Sophomore Nathan Siskel agrees with Mansueto and feels like he might know why he cannot see all of his grades. “Because the teachers, for whatever reason, don’t want to put it on the Portal, or maybe want is the wrong word,” Siskel said. “It’s just they don’t put it on the Portal, maybe because it’s difficult, which it is.”

However, Siskel doesn’t feel that strongly about the absence of his grade on the Portal. “I don’t really mind,” Siskel said, “and if I need to see my grade, I can just ask them and usually they’ll give it to me.”

Mansueto thinks that the proposal to make grades fully accessible would not negatively impact any student, and would have either a positive or neutral one effect. She feels that either a student is affected by the proposal and it is helpful to them because then they are aware of their grades, or it doesn’t affect them because they are already getting their grades.

Mansueto doesn’t feel that the proposal has completely fulfilled its expectations. “We definitely need to do some follow up with Mr. Brandon about this because I feel that it was the introduction of the Portal that seemed to make grades more transparent in a lot of classes,” Mansueto said. “I know this year I can see my grades on the Portal for classes where I otherwise wouldn’t have known my grade, but I’m not sure that’s a direct result of the proposal. That might just be because the Portal is in existence.”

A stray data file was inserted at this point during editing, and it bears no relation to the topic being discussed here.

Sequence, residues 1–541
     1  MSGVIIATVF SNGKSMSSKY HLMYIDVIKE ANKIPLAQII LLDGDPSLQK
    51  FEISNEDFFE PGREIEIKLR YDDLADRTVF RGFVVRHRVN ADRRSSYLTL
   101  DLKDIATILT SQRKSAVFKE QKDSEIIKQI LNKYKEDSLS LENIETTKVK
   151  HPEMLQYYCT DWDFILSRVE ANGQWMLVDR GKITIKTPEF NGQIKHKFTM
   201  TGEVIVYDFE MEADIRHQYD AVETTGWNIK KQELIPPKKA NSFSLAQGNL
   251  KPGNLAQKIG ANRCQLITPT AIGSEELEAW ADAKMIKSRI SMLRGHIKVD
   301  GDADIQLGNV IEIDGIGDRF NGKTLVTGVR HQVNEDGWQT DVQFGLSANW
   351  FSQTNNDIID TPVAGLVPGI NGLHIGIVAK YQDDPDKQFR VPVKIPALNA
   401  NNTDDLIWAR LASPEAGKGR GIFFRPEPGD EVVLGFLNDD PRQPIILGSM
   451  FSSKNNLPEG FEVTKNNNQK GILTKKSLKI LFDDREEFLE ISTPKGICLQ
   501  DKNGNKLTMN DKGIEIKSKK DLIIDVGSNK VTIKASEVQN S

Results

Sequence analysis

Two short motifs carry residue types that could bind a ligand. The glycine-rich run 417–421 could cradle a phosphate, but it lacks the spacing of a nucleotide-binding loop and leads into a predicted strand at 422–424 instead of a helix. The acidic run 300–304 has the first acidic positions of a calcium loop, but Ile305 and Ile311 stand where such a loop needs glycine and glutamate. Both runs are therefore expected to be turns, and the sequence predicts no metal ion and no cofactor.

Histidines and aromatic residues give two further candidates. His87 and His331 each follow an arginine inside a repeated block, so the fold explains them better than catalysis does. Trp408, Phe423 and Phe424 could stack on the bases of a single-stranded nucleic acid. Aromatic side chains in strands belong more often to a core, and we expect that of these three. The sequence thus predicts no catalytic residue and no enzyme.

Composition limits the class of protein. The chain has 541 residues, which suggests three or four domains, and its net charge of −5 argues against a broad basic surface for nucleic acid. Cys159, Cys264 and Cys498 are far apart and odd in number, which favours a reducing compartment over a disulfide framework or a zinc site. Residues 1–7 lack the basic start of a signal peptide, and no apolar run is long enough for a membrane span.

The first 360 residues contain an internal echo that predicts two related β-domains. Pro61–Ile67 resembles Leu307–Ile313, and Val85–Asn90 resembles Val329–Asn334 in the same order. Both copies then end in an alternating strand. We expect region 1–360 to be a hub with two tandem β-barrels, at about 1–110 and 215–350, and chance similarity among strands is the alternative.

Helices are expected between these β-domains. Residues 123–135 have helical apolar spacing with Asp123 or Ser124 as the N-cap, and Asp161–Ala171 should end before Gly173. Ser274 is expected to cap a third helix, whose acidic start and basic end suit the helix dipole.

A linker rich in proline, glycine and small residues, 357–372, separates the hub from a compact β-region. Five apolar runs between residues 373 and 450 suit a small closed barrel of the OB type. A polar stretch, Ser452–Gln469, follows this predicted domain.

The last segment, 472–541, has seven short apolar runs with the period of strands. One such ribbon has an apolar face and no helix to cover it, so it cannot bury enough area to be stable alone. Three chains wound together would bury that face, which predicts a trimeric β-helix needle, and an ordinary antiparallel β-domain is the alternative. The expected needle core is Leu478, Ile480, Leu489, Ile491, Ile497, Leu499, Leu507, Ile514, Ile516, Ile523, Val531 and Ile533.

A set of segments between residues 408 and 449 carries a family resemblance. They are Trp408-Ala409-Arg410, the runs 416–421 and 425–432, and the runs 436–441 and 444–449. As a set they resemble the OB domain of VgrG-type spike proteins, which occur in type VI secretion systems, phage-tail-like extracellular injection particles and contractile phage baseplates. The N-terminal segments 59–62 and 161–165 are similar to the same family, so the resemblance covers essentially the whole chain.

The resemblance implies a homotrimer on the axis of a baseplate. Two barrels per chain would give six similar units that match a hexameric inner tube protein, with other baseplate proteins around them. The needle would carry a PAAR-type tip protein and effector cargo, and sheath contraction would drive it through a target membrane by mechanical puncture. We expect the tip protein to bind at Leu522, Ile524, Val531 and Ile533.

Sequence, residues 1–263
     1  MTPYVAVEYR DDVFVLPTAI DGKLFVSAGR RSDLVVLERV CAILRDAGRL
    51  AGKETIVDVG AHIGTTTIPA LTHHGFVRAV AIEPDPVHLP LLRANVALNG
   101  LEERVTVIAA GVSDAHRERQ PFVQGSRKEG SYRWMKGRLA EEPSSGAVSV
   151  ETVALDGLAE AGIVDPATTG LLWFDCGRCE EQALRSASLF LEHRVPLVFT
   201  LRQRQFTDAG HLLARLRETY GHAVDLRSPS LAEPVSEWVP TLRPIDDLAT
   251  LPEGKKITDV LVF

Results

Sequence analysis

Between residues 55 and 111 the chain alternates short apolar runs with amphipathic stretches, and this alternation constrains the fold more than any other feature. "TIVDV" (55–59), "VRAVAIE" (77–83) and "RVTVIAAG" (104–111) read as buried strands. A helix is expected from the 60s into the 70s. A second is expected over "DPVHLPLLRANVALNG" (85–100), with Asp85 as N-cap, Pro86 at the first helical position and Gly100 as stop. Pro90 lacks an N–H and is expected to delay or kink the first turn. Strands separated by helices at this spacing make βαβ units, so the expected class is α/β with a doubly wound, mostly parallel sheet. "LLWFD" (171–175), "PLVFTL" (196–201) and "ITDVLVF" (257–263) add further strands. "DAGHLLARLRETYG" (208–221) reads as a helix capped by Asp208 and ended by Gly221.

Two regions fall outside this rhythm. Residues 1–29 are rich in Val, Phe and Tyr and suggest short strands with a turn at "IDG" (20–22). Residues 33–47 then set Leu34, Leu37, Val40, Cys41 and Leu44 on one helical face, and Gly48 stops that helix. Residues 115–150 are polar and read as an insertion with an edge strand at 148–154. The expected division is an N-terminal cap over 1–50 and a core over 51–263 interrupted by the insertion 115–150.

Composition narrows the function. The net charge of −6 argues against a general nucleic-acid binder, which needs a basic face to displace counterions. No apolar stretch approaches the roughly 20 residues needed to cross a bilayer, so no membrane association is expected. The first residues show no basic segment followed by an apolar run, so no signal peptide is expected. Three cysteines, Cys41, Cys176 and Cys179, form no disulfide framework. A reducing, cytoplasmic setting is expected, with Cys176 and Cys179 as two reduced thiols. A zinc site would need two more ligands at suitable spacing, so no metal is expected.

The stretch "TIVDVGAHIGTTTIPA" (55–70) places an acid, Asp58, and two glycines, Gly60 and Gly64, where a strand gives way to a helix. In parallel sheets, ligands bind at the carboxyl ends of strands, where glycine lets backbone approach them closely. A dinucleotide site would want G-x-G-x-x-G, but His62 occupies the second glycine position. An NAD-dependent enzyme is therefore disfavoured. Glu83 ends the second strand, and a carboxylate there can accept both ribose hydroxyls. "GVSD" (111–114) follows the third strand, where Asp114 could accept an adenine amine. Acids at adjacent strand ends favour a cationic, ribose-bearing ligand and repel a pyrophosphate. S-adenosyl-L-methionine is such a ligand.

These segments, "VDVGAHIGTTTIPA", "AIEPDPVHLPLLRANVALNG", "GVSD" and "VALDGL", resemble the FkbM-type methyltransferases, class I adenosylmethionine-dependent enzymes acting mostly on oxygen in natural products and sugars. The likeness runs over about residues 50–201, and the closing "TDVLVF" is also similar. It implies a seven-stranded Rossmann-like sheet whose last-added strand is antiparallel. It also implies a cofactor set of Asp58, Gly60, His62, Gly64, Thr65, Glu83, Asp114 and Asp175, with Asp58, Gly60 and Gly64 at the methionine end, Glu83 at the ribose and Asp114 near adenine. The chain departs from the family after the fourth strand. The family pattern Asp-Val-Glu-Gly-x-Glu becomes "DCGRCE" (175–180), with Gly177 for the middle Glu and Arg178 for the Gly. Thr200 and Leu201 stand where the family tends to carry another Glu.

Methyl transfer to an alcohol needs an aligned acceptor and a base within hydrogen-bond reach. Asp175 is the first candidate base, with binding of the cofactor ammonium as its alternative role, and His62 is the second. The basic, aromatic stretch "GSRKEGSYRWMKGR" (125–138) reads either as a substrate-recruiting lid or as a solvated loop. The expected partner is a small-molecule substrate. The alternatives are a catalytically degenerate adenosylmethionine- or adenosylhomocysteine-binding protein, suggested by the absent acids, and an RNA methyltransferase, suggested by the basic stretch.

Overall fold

Students, if given the option by teachers, can view their grades on the Portal whenever they want. “This year, as all of you noticed, we opened up a lot more of the Portal, and the grade book is just a feature that we thought we’d include,” Brandon said. “The online grade book is not required, it’s not mandatory here, but we know that some teachers wanted to try it out just to kind of get a sense of it and to see if it’s something they wanted to continue with.”

However, when asked what else could be improved about fulfilling this proposal, Mansueto only had one issue with the implementation. “It’s really just that there are some teachers who just aren’t following it as it’s written,” Mansueto said, “but I think for the most part the actual content of the proposal accomplishes the goal.”